- The Washington Times - Monday, November 29, 2004

From combined dispatches

BENTONVILLE, Ark. — Wal-Mart Stores Inc.’s share price tumbled nearly 4 percent yesterday after the world’s largest retailer lowered its November sales forecast over the weekend.

Wal-Mart had said Saturday it expected its sales at stores open at least a year to be up only 0.7 percent in November, rather than its earlier projection of 2 percent to 4 percent growth.

Wal-Mart shares fell $2.17, or 3.9 percent, to close at $53.15 on the New York Stock Exchange.

Retail analyst Kurt Barnard and other analysts said Wal-Mart didn’t offer the deep discounts it did in past years as the holiday shopping season began Friday.

“I think that Wal-Mart simply decided its normal range of pricing is such that it is definitely considered low by any normal standard,” said Mr. Barnard, president of Barnard’s Retail Forecasting in Upper Montclair, N.J.

By sitting out a year of big-sale promotions, Wal-Mart may have been trying to determine whether it can keep its profits up without having to slash prices on already discounted merchandise, he said.

“They’re looking to get a better gross margin,” he said. “They undoubtedly achieved that.”

Low-income shoppers curbed spending amid high energy prices, Deutsche Bank analyst Bill Dreher said. Wal-Mart’s sales of nonfood items such as clothing may have fallen as results at rival Target Corp. increased, he said.

“We’re really starting to see Wal-Mart having a tough time and Target really accelerate,” Mr. Dreher said in a conference call.

Wal-Mart, which also owns the Sam’s Club warehouse chain, earlier in the month said it would offer “more balanced” promotions because shoppers are delaying purchases until closer to the holiday. The number of shoppers declined toward the end of last week, the retailer said.

Sales may have declined at Wal-Mart’s discount stores while rising at Sam’s Club. That would be the first decline at the discount chain in at least 10 years, Sanford C. Bernstein analyst Emme Kozloff wrote in a report.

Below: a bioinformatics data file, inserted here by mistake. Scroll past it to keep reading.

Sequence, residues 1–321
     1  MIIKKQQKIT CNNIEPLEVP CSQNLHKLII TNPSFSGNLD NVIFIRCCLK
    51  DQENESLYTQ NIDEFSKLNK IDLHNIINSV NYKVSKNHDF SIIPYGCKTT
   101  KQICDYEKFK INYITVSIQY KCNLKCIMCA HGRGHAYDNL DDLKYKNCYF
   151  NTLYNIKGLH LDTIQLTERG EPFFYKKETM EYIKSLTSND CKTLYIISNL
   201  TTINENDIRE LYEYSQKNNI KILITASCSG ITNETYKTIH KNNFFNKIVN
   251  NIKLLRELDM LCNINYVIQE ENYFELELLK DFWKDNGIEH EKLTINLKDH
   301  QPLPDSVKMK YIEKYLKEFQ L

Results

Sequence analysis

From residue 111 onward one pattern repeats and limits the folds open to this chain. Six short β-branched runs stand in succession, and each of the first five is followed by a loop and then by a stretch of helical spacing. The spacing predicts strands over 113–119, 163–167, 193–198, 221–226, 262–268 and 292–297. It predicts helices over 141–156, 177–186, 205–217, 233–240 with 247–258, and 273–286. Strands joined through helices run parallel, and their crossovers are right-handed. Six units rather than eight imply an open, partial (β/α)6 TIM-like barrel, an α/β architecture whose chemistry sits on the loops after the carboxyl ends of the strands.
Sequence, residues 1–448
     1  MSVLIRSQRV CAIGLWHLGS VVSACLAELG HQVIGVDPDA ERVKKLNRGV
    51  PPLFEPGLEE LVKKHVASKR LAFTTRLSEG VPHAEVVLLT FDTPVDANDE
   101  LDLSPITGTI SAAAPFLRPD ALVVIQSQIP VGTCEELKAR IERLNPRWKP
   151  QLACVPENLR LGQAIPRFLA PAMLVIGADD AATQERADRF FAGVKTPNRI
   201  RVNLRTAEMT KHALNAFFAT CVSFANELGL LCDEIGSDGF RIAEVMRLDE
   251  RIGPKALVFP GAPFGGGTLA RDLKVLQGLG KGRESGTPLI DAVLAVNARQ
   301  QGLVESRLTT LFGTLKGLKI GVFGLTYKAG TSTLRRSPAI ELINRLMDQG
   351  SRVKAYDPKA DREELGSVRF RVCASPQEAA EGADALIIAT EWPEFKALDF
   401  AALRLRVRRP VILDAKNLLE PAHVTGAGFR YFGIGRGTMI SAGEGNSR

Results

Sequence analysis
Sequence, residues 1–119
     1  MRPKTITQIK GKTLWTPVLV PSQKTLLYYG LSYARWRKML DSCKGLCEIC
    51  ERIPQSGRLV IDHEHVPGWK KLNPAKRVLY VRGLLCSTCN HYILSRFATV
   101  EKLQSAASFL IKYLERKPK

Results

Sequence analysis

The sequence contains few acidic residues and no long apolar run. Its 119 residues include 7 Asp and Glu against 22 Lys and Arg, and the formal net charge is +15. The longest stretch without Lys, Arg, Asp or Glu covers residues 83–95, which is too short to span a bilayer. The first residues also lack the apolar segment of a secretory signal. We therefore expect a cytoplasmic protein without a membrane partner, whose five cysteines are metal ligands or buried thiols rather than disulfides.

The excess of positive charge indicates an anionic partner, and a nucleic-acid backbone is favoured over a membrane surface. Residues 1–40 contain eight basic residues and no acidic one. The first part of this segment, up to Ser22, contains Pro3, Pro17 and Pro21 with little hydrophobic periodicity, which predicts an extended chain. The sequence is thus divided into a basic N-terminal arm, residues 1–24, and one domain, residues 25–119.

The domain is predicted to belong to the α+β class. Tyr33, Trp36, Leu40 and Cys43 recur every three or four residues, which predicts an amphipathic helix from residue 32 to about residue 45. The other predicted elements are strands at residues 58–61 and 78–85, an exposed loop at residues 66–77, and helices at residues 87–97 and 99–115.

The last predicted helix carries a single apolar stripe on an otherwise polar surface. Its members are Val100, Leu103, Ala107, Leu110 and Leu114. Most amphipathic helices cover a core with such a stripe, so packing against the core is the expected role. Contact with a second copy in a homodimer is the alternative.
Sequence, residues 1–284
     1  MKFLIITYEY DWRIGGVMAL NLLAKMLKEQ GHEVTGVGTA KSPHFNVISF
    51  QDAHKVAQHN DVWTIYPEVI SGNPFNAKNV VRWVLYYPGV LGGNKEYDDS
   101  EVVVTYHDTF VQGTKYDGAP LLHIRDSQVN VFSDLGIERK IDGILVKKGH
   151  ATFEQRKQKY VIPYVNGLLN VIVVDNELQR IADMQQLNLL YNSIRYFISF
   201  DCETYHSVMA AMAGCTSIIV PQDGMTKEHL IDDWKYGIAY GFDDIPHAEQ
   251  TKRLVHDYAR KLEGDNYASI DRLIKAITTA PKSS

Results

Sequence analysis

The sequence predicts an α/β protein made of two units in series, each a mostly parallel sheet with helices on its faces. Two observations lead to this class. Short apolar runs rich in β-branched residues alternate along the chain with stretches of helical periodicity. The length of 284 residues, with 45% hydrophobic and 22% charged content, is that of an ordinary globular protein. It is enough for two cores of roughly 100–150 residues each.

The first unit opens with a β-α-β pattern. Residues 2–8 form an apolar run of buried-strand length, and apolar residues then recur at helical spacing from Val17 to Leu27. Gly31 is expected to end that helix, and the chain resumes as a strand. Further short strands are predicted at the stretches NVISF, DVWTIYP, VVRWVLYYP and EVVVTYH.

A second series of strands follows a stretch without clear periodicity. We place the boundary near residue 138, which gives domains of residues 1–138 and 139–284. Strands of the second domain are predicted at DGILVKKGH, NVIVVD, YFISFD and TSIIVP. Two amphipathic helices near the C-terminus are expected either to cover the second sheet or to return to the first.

Sales of groceries may have helped keep results positive for the month, Mr. Dreher said.

Mr. Barnard noted that Wal-Mart’s downward sales forecast did not necessarily indicate the company will make less money.

“They never even mentioned the word profit,” he said.

Wal-Mart, based in Bentonville, said it had no comment beyond its Saturday sales release.

The new projection was based on four weeks’ worth of sales, from Oct. 30 through Friday, the company said on its Web site. “Sales fell below plan this past week, which impacted the results of our November forecast,” according to the statement. “Keep in mind that this past week was the largest week of the reporting period.”

U.S. retail credit-card transactions rose more than 6 percent in the two days after Thanksgiving, according to reports from Visa International Inc. and MasterCard International Inc., the top two card companies. Retail sales rose 11 percent on Friday, the day after Thanksgiving, from a year earlier, according to ShopperTrak, which estimates revenue based on customer traffic at close to 30,000 stores.

No. 2 U.S. discounter Target, which is based in Minneapolis, said on a recorded call that customers stayed longer and bought more items.

Shoppers who are more confident about spending may be seeking out better brands at retailers such as Costco Wholesale Corp. and Target, said Richard Hastings, retail analyst at consulting firm Bernard Sands LLC.

Wal-Mart, which is opening larger stores that also sell groceries, may be less convenient to customers who want to buy a few gifts quickly, he said.

“While they have been busy knocking some competition out of the ballpark, they have failed to touch their biggest and best competition,” Mr. Hastings, who is based in Charlotte, N.C., wrote in a report. “The simple fact is this: They are not everything to everybody ‘always.’”

Wal-Mart and most other retailers will report final November results Thursday.

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